Understanding before Moving 22: Strong knight vs bad bishop - (2)

by ChessBase
4/11/2021 – Herman Grooten is an International Master, a renowned trainer and the author of several highly acclaimed books about chess training and chess strategy. In the 22nd instalment of his ChessBase show "Understanding before Moving", Herman shows another example of a strong knight who fights against a bad bishop. | Photo: Tommy Grooten

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In the previous show we saw how a strong knight can win against a bad bishop. Exchanging the right pieces is closely related to this theme. Finding out which pieces to exchange and which to keep is an art.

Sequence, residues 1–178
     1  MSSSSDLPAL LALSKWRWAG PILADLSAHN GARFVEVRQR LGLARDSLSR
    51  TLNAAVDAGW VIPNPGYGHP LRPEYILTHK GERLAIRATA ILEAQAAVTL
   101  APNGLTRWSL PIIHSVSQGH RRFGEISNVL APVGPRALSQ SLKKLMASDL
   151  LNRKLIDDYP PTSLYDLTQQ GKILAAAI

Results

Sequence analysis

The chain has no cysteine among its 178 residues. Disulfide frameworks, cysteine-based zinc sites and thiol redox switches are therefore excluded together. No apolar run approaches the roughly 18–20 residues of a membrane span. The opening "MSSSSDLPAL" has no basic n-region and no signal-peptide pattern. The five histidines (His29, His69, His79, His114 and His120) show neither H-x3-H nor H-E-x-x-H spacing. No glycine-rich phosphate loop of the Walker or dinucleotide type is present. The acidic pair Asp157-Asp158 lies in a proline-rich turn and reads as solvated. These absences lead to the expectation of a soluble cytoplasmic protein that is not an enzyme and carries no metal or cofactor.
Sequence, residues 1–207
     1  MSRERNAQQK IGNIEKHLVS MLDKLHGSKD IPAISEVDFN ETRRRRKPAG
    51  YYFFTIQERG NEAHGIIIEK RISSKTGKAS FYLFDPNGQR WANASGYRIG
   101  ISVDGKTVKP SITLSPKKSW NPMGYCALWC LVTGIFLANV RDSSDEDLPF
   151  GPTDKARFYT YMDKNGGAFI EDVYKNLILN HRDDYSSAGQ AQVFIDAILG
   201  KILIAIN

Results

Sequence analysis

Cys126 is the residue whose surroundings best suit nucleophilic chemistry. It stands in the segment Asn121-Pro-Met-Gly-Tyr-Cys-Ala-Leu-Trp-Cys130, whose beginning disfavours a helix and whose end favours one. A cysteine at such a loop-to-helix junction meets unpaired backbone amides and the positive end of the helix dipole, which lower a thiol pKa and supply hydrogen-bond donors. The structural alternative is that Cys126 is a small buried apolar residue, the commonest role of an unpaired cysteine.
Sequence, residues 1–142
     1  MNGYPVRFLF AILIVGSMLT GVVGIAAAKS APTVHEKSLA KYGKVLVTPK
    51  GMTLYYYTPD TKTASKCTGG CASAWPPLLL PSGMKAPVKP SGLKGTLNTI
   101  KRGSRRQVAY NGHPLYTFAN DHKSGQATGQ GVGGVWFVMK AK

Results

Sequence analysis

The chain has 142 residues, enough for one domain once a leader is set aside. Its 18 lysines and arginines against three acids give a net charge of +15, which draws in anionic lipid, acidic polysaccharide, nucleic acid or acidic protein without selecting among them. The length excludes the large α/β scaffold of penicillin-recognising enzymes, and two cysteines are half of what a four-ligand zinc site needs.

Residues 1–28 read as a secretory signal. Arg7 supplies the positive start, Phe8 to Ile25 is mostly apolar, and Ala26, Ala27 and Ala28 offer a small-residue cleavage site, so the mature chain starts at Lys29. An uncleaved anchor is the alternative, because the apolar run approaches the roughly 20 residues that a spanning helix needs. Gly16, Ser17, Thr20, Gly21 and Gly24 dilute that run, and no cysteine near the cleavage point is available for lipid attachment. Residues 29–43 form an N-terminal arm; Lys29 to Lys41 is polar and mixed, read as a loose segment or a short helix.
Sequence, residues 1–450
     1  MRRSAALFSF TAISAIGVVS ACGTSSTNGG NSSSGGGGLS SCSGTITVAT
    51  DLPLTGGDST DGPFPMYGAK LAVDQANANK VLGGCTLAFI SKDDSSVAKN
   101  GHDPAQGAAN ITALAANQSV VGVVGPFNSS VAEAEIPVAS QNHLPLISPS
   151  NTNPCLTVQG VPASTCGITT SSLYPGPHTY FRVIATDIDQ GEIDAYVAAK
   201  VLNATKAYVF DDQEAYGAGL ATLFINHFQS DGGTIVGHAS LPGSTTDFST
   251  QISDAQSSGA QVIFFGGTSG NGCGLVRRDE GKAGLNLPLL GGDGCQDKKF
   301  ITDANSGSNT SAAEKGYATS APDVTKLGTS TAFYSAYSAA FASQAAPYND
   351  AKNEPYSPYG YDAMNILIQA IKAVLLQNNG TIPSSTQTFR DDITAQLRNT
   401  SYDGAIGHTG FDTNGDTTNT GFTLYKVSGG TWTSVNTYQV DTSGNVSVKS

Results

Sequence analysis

There was once a player who each time when he had to play against Tigran Petrosian ended up with a bad bishop against a knight, and wondered: "How does he manage to leave me with the bad pieces, while he keeps the good pieces?"

As so often, the pawn structure is important here as it defines good and bad bishops. In the following closed position White has two beautiful knights while Black has a bad bishop and a passive knight. White is clearly better but after Black's last move ... Ra8-a6 he has to be careful.

Why - and how should White proceed?


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